Range suitable for 24VAC - if not auto-ranging, something larger than that (50, 100 or 250 VAC, depending on your meter.) But odds are 99+% that the boiler breaker is the breaker they are on. Some thermostats you take the casing off of, others the front of the thermostat pulls off of (unplugs from) a backing plate where the wires are connected. For a typical old-school heat-only set up, it's often just red and white, and you check the voltage between them.
    – Ecnerwal
    Dec 14, 2021 at 14:26
  • Beware, it could be one transformer per unit--we have combination AC/gas furnace units, one upstairs, one downstairs. Each thermostat is powered from it's corresponding unit. Dec 15, 2021 at 1:11
  • Key point there being you have two units. So that makes perfect sense - want each unit to work independent of the other. With one boiler and two zones, there's no reason for it to be independent (might be two transformers, but still 99+% likely to be powered with the boiler circuit.)
    – Ecnerwal
    Dec 15, 2021 at 1:16

The Zone-A-Flow 1311 runs on 25V AC. That is also typical for thermostats in general - though many "dumb" thermostats don't even need any power at all. So what you are looking for is a transformer (possibly one for each zone). A typical White-Rodgers from Amazon:


but brand doesn't matter, voltage matters.

Typically these will be powered by the same power for everything else in the HVAC system - e.g., electronic ignition, pumps, blowers, etc.

The binary method of figuring this out is:

  • Turn off 1/2 your breakers
  • If the device is still on, turn off 1/2 the remaining breakers
  • If the device is off, turn the off breakers on and the on breakers off
  • Lather, rinse, repeat

Since "dumb" thermostats have no indicator lights, a multimeter will be very helpful here in figuring out when your power is on/off.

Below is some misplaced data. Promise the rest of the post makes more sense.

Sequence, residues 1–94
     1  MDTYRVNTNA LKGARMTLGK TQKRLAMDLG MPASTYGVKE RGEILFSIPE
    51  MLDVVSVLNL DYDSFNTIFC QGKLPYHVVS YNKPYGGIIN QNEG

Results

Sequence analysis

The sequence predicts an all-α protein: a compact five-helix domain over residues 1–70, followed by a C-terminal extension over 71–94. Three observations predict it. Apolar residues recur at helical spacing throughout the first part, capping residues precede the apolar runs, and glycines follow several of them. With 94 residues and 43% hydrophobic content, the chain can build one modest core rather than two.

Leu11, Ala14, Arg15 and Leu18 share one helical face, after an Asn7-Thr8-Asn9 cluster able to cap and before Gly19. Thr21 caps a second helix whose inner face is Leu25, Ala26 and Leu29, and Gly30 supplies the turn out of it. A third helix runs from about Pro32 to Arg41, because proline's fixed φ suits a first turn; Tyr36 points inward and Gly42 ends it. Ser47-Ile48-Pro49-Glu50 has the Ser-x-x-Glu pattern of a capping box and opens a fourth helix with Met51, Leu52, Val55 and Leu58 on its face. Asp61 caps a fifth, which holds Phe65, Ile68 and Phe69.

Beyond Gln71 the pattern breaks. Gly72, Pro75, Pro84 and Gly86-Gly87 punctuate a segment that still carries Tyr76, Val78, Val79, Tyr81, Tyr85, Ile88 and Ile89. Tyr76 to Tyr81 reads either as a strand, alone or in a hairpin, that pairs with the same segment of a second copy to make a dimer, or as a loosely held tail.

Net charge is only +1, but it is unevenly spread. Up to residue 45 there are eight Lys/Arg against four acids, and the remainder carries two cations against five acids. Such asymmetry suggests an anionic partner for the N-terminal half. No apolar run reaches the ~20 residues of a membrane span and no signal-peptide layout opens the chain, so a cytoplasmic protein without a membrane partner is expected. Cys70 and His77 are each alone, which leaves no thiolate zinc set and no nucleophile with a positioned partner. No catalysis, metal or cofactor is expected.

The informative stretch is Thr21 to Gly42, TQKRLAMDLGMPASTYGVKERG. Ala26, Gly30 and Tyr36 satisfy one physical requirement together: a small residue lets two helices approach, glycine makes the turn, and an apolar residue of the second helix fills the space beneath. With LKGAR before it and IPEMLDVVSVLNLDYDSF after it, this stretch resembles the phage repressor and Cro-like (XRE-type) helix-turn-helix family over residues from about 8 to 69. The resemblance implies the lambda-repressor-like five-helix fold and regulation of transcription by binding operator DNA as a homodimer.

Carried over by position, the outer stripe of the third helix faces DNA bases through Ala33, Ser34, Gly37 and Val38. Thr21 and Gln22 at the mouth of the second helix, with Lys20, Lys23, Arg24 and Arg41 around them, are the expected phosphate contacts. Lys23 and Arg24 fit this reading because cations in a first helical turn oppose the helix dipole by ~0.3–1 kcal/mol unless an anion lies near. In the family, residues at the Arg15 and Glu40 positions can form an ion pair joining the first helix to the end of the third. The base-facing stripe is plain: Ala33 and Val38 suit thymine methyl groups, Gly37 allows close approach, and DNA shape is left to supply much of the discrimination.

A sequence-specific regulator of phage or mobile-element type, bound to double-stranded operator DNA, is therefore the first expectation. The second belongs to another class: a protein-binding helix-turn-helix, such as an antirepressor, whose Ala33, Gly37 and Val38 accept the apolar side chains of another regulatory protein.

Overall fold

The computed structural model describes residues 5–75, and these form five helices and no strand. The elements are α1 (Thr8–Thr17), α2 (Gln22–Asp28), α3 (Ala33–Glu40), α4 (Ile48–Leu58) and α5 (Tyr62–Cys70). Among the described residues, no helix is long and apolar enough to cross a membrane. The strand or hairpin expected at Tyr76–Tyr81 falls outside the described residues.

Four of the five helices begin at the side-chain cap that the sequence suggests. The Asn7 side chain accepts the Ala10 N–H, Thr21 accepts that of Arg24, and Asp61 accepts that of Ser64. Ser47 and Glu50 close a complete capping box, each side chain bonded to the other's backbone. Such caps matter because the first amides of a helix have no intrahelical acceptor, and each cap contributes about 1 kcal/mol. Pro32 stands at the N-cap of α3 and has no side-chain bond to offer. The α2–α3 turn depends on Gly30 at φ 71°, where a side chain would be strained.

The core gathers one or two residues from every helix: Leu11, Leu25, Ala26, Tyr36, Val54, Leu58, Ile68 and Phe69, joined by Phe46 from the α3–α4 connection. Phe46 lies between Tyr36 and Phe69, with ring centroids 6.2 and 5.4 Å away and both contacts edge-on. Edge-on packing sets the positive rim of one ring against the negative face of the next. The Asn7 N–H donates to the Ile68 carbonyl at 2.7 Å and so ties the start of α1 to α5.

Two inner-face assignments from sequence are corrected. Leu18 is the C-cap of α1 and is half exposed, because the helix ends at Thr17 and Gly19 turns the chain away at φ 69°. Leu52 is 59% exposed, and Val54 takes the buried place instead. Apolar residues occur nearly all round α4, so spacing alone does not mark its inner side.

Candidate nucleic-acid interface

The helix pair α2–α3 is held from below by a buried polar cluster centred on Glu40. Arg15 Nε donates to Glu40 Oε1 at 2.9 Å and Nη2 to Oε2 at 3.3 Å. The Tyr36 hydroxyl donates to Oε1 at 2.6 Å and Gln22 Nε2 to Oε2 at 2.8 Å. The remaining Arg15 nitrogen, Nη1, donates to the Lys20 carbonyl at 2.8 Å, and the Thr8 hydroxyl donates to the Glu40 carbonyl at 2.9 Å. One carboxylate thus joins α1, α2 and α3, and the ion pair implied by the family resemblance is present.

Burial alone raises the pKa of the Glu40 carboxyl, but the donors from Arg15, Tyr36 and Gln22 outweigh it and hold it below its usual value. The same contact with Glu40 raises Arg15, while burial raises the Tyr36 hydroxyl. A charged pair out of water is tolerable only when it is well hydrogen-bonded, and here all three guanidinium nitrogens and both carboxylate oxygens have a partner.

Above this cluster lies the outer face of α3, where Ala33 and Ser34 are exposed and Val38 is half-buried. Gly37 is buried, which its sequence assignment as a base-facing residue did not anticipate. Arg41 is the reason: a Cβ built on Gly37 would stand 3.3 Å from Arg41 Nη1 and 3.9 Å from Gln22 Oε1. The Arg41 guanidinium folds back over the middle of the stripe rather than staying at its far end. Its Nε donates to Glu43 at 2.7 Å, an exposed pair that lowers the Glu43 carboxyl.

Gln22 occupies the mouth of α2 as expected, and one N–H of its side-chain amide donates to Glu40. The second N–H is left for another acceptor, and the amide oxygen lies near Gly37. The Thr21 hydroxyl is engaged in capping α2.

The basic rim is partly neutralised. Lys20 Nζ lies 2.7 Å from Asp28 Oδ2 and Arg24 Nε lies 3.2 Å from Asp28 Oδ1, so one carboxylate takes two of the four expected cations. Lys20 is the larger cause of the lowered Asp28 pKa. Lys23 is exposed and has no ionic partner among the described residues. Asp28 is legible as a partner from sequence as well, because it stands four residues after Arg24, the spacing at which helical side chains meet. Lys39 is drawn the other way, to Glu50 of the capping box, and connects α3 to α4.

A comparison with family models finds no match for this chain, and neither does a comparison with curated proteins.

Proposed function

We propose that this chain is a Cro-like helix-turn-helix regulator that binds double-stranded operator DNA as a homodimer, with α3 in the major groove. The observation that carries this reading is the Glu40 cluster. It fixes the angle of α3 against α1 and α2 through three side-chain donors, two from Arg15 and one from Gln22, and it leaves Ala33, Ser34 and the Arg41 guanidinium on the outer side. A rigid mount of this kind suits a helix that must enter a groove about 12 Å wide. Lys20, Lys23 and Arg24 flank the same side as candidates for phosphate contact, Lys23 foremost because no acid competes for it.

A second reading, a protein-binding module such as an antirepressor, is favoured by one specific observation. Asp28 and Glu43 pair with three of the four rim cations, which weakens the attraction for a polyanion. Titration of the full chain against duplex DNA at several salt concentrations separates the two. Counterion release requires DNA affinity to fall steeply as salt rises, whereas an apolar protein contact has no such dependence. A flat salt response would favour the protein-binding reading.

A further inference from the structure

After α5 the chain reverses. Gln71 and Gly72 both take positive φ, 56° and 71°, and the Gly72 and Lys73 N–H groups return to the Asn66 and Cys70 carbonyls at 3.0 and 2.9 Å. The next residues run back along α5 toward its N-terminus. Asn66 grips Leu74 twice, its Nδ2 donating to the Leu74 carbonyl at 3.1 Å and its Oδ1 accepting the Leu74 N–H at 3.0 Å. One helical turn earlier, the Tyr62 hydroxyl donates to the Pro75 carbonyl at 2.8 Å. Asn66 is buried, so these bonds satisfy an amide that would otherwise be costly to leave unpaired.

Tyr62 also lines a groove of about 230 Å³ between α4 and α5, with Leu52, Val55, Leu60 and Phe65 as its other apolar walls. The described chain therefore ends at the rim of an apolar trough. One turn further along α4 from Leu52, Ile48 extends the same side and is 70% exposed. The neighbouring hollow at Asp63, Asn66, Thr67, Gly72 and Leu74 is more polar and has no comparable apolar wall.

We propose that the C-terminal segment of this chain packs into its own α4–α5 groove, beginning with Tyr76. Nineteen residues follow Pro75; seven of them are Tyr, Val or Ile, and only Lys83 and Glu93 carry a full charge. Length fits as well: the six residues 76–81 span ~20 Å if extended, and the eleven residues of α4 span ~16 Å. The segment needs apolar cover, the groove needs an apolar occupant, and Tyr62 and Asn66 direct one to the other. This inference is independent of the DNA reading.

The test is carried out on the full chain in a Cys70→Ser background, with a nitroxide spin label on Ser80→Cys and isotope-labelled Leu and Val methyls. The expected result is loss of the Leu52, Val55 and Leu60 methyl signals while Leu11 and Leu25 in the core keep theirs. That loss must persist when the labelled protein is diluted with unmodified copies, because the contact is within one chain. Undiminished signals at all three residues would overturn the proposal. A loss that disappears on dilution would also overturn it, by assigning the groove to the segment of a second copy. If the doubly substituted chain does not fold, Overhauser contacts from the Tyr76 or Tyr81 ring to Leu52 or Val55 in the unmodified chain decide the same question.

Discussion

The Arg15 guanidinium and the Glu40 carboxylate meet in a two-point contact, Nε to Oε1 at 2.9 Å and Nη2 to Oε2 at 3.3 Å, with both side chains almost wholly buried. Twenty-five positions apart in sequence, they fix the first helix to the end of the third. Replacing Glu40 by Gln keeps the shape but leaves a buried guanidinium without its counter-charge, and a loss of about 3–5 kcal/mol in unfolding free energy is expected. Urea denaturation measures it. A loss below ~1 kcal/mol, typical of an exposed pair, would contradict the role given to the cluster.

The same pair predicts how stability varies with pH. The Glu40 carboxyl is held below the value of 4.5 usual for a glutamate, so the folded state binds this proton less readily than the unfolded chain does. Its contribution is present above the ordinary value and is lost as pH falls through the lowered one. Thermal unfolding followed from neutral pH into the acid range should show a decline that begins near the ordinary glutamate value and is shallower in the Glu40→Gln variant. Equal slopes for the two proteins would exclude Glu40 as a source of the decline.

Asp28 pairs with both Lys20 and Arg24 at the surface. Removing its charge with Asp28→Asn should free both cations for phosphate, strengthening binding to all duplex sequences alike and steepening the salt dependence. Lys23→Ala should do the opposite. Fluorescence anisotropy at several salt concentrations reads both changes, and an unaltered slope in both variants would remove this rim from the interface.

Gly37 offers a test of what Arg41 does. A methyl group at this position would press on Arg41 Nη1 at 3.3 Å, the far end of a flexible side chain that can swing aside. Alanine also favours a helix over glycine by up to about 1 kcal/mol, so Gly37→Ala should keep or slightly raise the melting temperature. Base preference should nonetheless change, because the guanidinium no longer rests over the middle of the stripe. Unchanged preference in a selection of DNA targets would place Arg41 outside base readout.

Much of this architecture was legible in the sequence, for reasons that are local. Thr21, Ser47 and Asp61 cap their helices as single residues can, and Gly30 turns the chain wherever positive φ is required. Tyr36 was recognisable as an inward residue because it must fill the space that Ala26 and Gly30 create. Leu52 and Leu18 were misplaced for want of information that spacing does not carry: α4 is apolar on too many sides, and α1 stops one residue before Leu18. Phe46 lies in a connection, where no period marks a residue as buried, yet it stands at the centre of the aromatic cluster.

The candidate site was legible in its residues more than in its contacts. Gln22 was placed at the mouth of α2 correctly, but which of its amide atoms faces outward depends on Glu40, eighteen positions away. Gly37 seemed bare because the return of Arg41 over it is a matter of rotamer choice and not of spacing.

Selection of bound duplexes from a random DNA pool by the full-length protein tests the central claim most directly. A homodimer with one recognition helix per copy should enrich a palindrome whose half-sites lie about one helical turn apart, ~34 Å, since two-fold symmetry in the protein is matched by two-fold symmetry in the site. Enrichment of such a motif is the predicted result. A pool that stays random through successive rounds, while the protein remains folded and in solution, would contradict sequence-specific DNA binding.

• Thanks @manassehkatz (+1) -- can you elaborate more on how (specifically) I could use the multimeter here (neither my zone valves or thermostats have indicator lights on them)? Dec 14, 2021 at 14:19
  • 1
    Check AC voltage between pairs of terminals on thermostat or valve until you find which pair shows ~ 24V. Then check the same terminals with 1/2 the breakers off, etc. Dec 14, 2021 at 14:27

I would think a simple non-contact voltage detector would tell you whether there's power running to the wiring.

  • While the power is on, determine which wire(s) are hot.
  • Turn off a candidate breaker.
  • Check to see if the hot wire(s) are still hot.
  • Lather, rinse, repeat until you find a breaker that kills the power.

Once you've determined which breaker(s) it is, double check with an actual meter, just to be sure.

  • Some NCVT start at 50V (which is basically the bottom of "considered dangerous") and won't detect the typical ~ 24V thermostat wiring. Dec 14, 2021 at 13:29
  • 1
    Fair enough, @manassehkatz-Moving2Codidact. I saw your answer after writing mine. I do know there are line-voltage thermostats, so it could work there. Bonus because we both used "Lather. Rinse. Repeat". :)
    – FreeMan
    Dec 14, 2021 at 13:35
  • Thanks @FreeMan, can you elaborate more on "Check to see if the hot wire(s) are still hot"? I guess I'm looking for a breakdown of the procedure such as: take case off and look for a wire that looks like X and another that looks like Y, touch the multimeter to X and Y, etc. Thanks again for any clarification here! Dec 14, 2021 at 14:18
  • 1
    @hotmeatballsoup the non-contact tester will tell you which wires have power on them with the breaker on. Once a breaker is off, check those wires again. Double check each of them with a multi-meter. At the pump, I wouldn't think you'd need to disassemble anything, just touch the screw contacts with the meter, use the NCVT on each of the wires. Probably the same once you take the cover off the thermostat.
    – FreeMan
    Dec 14, 2021 at 15:39